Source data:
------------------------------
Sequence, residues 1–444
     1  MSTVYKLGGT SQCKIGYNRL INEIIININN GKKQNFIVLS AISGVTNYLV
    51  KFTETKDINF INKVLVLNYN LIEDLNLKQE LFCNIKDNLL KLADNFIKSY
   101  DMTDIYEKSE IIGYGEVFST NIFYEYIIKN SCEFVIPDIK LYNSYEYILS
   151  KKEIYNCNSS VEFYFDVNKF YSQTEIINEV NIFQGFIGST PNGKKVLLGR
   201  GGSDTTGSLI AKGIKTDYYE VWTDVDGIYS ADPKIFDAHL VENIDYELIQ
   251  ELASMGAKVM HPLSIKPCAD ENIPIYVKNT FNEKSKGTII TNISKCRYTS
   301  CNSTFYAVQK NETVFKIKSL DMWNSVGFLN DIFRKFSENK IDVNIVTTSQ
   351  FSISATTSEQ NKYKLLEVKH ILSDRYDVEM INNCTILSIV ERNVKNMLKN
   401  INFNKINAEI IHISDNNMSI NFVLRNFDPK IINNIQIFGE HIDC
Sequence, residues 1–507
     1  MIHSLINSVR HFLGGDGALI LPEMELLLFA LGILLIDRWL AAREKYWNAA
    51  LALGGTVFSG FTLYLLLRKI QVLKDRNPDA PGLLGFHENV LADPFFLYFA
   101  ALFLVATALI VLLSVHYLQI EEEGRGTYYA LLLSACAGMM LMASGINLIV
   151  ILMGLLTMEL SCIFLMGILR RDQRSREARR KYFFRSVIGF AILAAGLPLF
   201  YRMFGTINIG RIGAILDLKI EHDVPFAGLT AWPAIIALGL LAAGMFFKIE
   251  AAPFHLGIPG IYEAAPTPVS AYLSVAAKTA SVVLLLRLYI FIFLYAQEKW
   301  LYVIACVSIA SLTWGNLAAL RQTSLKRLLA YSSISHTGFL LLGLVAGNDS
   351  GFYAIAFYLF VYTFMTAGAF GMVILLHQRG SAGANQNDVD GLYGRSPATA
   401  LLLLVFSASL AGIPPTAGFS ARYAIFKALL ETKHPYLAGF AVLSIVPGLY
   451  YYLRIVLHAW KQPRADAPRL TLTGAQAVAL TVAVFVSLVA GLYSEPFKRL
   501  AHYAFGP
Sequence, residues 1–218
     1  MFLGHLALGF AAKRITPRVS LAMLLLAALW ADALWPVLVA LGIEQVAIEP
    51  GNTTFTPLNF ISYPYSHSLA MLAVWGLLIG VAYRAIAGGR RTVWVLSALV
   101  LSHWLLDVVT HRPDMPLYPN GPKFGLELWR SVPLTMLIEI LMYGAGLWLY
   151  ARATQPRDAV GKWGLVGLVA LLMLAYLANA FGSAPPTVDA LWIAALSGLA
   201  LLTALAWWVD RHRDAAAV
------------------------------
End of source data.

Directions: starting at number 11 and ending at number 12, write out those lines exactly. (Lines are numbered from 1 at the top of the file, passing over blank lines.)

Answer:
Sequence, residues 1–507
     1  MIHSLINSVR HFLGGDGALI LPEMELLLFA LGILLIDRWL AAREKYWNAA